The MSC Fisheries Certification Scheme, i.e. the Fisheries Standard and the Fisheries Process Requirements, includes both substantive and procedural requirements to precaution. First, the application of the approach is evaluated as such for fisheries under assessment. Second, it serves as a general interpretation device in the application of the Standard. Third, the Standard is designed to assist in the operationalization and application of precautionary biological reference points. Fourth, certification is not only a question of the status of the (target) stocks. The scheme involves a thorough assessment of the fishery’s impacts on the marine ecosystem, including bycatch species, endangered, threatened and protected species (ETP species) and habitats—as well as management components such as a well-functioning legislative base and institutional set-up, transparency and stakeholder participation, compliance and enforcement, and review of the management system.
Geir Hønneland

Chapter 4. MSC Certification of Antarctic and Arctic Fisheries

Abstract
This chapter examines the results of MSC certification in four clusters of fisheries in polar waters: one in the Antarctic and three in the (sub-)Arctic. MSC certification has had several precautionary effects in these fisheries. It has (i) been an attestation to the appropriateness and soundness of the established reference points and harvest control rules (HCR) in the Barents Sea cod and haddock fisheries; (ii) helped to ascertain the appropriateness and soundness of HCRs in the Southern Ocean toothfish and krill fisheries and (iii) been the direct cause of the development and establishment of reference points and HCRs in the Arctic lumpfish fisheries. Improvements have been made to management systems beyond the introduction of reference points and HCRs: new research and information gathering has been conducted in the Southern Ocean, and efforts have been made to reduce impacts on bottom habitats in the Barents Sea and on seabirds and marine mammals in the Arctic lumpfish fisheries. Effects are more modest in the Norwegian Sea mackerel fisheries, where the coastal states for several years have not been able to agree on sustainable fishing quotas. MSC certification has not alleviated the situation, and in 2020 the mackerel certificate was suspended.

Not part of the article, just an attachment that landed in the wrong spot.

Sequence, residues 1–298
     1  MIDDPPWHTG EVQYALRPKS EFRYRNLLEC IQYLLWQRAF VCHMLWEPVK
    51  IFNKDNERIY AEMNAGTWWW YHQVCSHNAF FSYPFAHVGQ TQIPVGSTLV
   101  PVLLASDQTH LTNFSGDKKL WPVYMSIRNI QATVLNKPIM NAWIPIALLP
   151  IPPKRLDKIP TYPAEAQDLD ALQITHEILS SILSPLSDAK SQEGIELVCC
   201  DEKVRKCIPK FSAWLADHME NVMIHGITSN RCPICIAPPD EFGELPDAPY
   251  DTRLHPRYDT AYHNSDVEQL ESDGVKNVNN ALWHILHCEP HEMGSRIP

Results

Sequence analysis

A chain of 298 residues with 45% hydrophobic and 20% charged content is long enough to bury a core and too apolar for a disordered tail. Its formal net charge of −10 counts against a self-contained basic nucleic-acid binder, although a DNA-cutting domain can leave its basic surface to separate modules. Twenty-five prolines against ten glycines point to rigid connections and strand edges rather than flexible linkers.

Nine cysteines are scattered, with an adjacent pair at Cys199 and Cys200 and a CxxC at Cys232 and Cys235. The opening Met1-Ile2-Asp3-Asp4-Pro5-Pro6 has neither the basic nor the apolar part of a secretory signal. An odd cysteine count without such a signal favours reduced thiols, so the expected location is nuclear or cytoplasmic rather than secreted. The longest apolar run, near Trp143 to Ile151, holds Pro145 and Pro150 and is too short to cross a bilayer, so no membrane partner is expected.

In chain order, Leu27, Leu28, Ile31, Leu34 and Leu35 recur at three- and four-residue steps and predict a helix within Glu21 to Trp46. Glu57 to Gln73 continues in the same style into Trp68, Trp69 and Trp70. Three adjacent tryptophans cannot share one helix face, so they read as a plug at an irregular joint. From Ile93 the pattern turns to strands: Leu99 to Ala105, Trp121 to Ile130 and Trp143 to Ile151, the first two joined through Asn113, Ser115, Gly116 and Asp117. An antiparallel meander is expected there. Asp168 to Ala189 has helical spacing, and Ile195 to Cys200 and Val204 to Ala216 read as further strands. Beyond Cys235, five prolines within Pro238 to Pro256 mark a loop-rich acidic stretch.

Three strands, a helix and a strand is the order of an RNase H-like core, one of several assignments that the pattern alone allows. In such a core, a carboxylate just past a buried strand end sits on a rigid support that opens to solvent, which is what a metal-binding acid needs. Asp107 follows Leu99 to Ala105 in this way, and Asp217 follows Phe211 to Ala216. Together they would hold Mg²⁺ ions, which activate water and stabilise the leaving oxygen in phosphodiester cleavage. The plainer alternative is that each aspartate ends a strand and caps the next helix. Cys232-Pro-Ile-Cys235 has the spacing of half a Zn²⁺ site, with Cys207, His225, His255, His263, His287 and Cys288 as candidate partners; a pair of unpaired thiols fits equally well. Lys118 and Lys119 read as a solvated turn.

Geir Hønneland

Chapter 5. Influence on Target (Fisher) Behaviour and State Practice

Abstract
The effects of MSC certification on fisher behaviour have been greater than the effects on state practice. The Southern Ocean fisheries had suffered from lack of information on fish stocks and the ecosystem—MSC certification led to new research initiatives and voluntary collection of data by fishers, and new epistemic communities were formed. However, certification did not lead to any new public regulations. In the Barents Sea, MSC certification directed attention to the fishery’s effects on the marine environment, especially bottom habitats. MSC fishery clients in Russia joined forces to develop new fishing gear and voluntarily avoid potential new fishing areas that have not yet been properly researched. This is, however, not reflected in legislation. In the Northeast Atlantic mackerel fisheries, the fishing industry in various European countries joined forces to persuade their respective governments to agree on quotas in line with scientific recommendations, to no avail. The situation is different in the lumpfish fisheries, where states produced new reference points and harvest control rules, and at least some regulations can be attributable to MSC certification.
Geir Hønneland

Chapter 6. Conclusions

Abstract
Private certification has become a ‘separate lane’ to implementation of the precautionary approach to fisheries management—it has found its niche as a supplement to implementation by states, assuming a subsidiary but significant role. States work individually and in partnership, primarily in regional fisheries management organizations (RFMOs), to further the implementation of the precautionary approach, but they are in effect assisted by private certification. The visible and non-visible interaction between state action and private certification creates a constructive dynamic that takes the implementation of the precautionary approach further. The iterative and evolving nature of the MSC Certification Scheme ensures further robustness. The Scheme is a ‘living’ and dynamic implementation mechanism—internally, as an iterative and evolving scheme, and externally, working in tandem with state implementation.
Geir Hønneland